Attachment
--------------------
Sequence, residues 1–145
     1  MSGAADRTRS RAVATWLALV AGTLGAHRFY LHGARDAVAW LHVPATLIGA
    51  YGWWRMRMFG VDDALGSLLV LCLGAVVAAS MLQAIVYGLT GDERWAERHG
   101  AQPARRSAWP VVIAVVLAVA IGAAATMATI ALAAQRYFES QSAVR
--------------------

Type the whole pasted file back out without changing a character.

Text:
Sequence, residues 1–145
     1  MSGAADRTRS RAVATWLALV AGTLGAHRFY LHGARDAVAW LHVPATLIGA
    51  YGWWRMRMFG VDDALGSLLV LCLGAVVAAS MLQAIVYGLT GDERWAERHG
   101  AQPARRSAWP VVIAVVLAVA IGAAATMATI ALAAQRYFES QSAVR